Birds, more than any other group of animals, are a celebration of color. They have evolved to every extreme of the spectrum, from the hot pink of flamingos to the shimmering blue of a peacock’s neck. Yet, for decades, paleontologists who study extinct birds have had to use their imaginations to see the colors in the fossils. Several feather fossils have been unearthed over the years, but they have always been assumed to be colorless vestiges.
Now a team of scientists has discovered color-producing molecules that have survived for 47 million years in the fossil of a feather. By analyzing those molecules, the researchers have shown that they would have given a bird the kind of dark, iridescent sheen found on starlings and other living birds.
This new method may allow scientists not only to reconstruct ancient birds more accurately. Birds evolved from ground-running feathered dinosaurs, and now it may be possible to determine some of the colors on them as well.
“I really do think we are moving from dinosaurs in black and white to dinosaurs in Technicolor,” said Julia Clarke, a University of Texas paleontologist who was a co-author of the new paper, published in the journal Biology Letters.
The new research got its start with squid. Jakob Vinther, a graduate student at Yale, was examining a fossil of a squid when he discovered that its ink sac was packed with microscopic spheres. They were identical to the pigment-loaded structures that give color to ink in living squid, known as melanosomes.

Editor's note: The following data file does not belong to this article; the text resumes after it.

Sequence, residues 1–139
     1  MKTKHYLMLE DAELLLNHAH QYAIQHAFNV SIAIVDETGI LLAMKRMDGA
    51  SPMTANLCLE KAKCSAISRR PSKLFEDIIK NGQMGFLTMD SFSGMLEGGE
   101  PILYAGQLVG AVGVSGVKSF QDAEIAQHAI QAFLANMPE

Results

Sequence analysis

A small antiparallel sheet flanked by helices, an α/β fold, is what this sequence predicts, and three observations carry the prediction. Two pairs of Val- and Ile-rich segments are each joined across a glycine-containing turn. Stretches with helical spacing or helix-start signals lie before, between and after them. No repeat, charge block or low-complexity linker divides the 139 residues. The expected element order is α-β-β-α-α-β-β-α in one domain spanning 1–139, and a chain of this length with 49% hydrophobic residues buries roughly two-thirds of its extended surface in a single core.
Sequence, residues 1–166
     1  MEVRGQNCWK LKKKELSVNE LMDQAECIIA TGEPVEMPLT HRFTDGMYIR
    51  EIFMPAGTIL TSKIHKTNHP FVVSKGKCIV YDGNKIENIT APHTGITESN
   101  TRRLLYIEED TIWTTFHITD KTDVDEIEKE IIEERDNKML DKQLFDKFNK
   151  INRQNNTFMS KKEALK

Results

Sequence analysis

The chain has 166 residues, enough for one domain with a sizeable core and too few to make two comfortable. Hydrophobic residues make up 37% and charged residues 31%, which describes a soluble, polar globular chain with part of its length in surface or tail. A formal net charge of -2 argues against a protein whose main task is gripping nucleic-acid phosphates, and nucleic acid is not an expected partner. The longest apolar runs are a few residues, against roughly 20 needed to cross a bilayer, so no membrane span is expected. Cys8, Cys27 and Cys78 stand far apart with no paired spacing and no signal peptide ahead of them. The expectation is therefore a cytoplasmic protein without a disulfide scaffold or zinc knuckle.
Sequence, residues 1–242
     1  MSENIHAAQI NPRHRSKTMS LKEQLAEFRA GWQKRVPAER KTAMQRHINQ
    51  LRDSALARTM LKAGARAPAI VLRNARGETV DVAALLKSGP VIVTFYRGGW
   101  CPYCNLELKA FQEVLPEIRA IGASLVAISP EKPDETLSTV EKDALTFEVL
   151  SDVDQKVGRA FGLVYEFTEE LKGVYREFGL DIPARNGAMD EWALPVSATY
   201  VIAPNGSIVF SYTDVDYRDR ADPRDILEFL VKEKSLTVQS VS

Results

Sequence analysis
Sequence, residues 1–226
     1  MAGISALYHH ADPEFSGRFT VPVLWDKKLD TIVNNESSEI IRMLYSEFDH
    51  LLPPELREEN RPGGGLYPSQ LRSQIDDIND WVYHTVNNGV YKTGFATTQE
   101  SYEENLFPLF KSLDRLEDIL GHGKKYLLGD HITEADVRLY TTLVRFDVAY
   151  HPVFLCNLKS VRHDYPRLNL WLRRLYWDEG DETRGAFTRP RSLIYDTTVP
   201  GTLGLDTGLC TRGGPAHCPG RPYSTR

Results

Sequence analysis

Knowing that birds make melanosomes in their feathers, Mr. Vinther decided to look for them in bird fossils. He knew that unlike the spherical melanosomes in squid, birds make sausage-shaped ones. “When I zoomed in on the fossils, it was nothing but these little sausages,” Mr. Vinther said.But Mr. Vinther had to rule out the possibility that the sausages were bacteria that fed on the feathers after the birds died and then fossilized. He and his colleagues did that by examining an unusual fossil feather from Brazil with a pattern of dark and white stripes. Last year they reported that they found the sausage-shaped structures only in the dark stripes and none in the white ones. It is unlikely that the bacteria would grow in such an arbitrary pattern.